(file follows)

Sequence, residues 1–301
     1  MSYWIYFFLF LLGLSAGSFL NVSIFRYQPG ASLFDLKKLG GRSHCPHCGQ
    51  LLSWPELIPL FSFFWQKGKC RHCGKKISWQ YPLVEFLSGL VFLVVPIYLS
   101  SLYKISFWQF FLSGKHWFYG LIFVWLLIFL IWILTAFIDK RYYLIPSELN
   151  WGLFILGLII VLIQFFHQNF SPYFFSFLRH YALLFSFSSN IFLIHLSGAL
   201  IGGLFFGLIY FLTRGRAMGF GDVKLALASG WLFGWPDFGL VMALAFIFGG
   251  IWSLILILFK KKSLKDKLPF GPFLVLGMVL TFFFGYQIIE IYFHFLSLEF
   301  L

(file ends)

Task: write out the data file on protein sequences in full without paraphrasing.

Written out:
Sequence, residues 1–301
     1  MSYWIYFFLF LLGLSAGSFL NVSIFRYQPG ASLFDLKKLG GRSHCPHCGQ
    51  LLSWPELIPL FSFFWQKGKC RHCGKKISWQ YPLVEFLSGL VFLVVPIYLS
   101  SLYKISFWQF FLSGKHWFYG LIFVWLLIFL IWILTAFIDK RYYLIPSELN
   151  WGLFILGLII VLIQFFHQNF SPYFFSFLRH YALLFSFSSN IFLIHLSGAL
   201  IGGLFFGLIY FLTRGRAMGF GDVKLALASG WLFGWPDFGL VMALAFIFGG
   251  IWSLILILFK KKSLKDKLPF GPFLVLGMVL TFFFGYQIIE IYFHFLSLEF
   301  L